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Ignalina Operating HistoryThe two 1,500-MW units at Ignalina produce about 2,600 MW (net) of electricity, but the plant has the capacity to produce even more power, but safety concerns and public reaction to the Chornobyl accident has prompted authorities to operate the plant below its full capacity.
Lithuania assumed ownership of the plant in August 1991 and set up its own inspectorate, VATESI to oversee the plant. Today, even though the plant's operators are ethnic Russians, most have agreed to stay on and become Lithuanian citizens.
Since Lithuanian gained its independence, the growing cost of imported fossil fuels, mainly from Russia, has made Ignalina almost 50% cheaper than other power sources. By 1993, Lithuania had set a world record for the proportion of nuclear- generated electricity produced in a single nation, with nuclear energy providing 88% of its power, up from 60% in 1991.
In 1994, Lithuania released a long-term energy plan that envisioned upgrading the Ignalina plant and supplementing it with gas-fired plants. The plan, developed with Sweden's Vattenfall AB and Finland's IVO, projected that:
The plan calls for establishing a supply system over the Baltic region and firm long-range import/export arrangements to finance Ignalina's improvement programs.
Swedish sources speculated that a faulty weld led to the release of contaminated water at Ignalina in January 1994, an event that forced one unit to shut down.
Lithuanian authorities reported an energy shortage later in January 1994 after operators shut down Ignalina Unit 1 following the failure of control board instrumentation. The event was classified as Level 0 on the IAEA's International Nuclear Event Scale.
Lithuania classified an incident that occurred on July 11, 1994, as an IAEA Level 1 event. Engineers had incorrectly installed a new switch used to move control rods in and out of the reactor. Operators discovered the error when testing the new switch, which they then successfully replaced.
In November 1994, authorities shut down both Ignalina units in response to a terrorist threat. Lithuania's prime minister asked Swedish authorities for help in searching the plant because they were well-acquainted with areas most vulnerable to attack.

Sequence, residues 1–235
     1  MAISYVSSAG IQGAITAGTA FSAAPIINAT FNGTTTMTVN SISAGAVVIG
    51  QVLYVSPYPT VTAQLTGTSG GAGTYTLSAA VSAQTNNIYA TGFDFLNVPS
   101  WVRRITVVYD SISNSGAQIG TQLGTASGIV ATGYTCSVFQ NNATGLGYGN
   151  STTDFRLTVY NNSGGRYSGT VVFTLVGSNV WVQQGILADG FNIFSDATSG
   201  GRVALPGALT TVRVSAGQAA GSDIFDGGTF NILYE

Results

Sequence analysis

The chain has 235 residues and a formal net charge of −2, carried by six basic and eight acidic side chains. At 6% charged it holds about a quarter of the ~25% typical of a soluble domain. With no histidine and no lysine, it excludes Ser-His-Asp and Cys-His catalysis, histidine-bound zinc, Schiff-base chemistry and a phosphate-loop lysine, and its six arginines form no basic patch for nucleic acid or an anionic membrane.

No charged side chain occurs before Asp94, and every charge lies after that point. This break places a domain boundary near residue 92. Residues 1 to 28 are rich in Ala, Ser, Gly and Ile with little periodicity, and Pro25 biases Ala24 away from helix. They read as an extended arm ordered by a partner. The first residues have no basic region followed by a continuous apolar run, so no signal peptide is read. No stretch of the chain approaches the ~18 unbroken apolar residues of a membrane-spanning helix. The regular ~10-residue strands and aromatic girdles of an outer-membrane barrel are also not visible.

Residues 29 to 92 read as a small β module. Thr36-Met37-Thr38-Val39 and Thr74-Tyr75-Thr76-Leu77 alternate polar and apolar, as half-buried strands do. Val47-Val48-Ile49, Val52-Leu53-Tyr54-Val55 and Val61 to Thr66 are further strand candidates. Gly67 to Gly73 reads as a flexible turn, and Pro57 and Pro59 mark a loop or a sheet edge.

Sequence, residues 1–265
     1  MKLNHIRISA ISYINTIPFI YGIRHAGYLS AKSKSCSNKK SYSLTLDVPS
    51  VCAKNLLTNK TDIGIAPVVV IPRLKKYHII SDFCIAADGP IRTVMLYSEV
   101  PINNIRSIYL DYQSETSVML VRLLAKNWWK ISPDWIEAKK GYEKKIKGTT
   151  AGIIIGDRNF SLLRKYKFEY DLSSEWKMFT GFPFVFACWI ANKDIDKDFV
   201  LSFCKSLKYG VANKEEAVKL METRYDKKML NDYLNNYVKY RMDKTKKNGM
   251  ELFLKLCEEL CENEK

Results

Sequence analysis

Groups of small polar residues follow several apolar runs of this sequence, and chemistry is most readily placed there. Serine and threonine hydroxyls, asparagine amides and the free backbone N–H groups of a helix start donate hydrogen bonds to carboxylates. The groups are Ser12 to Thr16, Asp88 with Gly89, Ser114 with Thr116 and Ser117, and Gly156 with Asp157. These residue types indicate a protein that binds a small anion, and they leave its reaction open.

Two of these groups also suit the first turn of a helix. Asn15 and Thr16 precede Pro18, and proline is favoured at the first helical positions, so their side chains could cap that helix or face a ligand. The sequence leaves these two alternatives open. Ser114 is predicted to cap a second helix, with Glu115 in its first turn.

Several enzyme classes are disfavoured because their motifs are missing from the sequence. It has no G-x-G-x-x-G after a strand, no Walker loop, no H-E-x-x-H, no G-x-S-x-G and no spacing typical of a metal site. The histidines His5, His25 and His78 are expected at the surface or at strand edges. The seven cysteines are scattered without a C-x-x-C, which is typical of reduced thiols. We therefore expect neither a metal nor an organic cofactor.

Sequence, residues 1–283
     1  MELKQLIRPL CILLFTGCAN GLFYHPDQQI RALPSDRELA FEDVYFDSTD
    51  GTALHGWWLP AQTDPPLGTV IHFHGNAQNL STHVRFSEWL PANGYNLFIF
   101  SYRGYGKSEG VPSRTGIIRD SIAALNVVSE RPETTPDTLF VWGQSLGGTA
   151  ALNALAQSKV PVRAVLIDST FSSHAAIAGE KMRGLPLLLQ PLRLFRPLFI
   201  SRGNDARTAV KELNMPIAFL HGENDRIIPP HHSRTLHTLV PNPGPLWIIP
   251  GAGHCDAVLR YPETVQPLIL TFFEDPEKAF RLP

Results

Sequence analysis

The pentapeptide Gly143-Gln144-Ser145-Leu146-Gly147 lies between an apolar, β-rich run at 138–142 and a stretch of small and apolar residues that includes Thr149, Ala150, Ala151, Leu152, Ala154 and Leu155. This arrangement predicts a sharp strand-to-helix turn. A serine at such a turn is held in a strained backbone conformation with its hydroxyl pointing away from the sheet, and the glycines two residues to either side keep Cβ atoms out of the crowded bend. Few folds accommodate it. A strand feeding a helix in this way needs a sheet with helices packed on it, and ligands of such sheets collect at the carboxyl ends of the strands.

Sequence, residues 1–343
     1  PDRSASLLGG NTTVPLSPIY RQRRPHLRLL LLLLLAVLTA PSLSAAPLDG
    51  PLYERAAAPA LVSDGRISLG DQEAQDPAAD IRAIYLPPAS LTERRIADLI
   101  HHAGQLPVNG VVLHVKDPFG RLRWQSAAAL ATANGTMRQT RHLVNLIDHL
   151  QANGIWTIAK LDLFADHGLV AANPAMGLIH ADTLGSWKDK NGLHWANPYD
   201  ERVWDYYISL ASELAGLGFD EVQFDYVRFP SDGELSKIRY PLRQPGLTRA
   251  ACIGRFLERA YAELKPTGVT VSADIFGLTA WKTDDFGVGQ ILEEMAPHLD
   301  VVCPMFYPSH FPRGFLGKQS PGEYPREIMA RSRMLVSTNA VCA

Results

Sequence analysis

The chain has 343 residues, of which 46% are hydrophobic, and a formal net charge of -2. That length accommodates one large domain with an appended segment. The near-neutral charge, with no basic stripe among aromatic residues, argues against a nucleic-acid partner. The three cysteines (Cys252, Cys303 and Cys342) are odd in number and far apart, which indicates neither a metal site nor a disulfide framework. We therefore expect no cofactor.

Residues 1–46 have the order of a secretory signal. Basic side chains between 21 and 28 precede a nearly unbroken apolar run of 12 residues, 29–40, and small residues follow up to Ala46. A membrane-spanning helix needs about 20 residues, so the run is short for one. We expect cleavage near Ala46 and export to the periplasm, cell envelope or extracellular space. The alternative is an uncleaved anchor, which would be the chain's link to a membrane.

Both units returned to service after searches revealed no bombs. Following the incident, Lithuanian authorities launched a crash program to improve plant security. Their first steps included the procurement of new equipment, such as infrared binoculars for guards. Other actions included the creation of three working groups to improve security measures. The groups include representatives from the Lithuanian police, the defense ministry, the energy ministry, and the environment ministry. The groups will write bid specifications and purchase relevant equipment, train personnel in security and physical protection, write complete instructions for how to search the plant in the event of further bomb threats, and train personnel to participate in such searches. In addition, Lithuanian regulators introduced a computerized accounting system for fuel at the plant and changed personnel routines.
In August 1995, a crane loading an emergency sealing plug into a refueling machine during a routine maintenance outage became entangled with the electric feed cable of another crane, causing a cut in the power supply. The incident was provisionally classified as Level 1 on the International Nuclear Event Scale.
In November 1995, fast-acting valves between the emergency core cooling pressurized tanks and the reactor at Unit 2 spontaneously opened and approximately 12 tons of water were released. An operator noticed that the valves had opened and shut them. The incident was classified as Level 1 on the International Nuclear Event Scale .
Source: Source Book: Soviet-Designed Nuclear Power Plants in Russia, Ukrane, Lithuania, the Czech Republic, the Slovak Republic, Hungary, and Bulgaria, 4th edition. Nuclear Energy Institute. 1996. (online)
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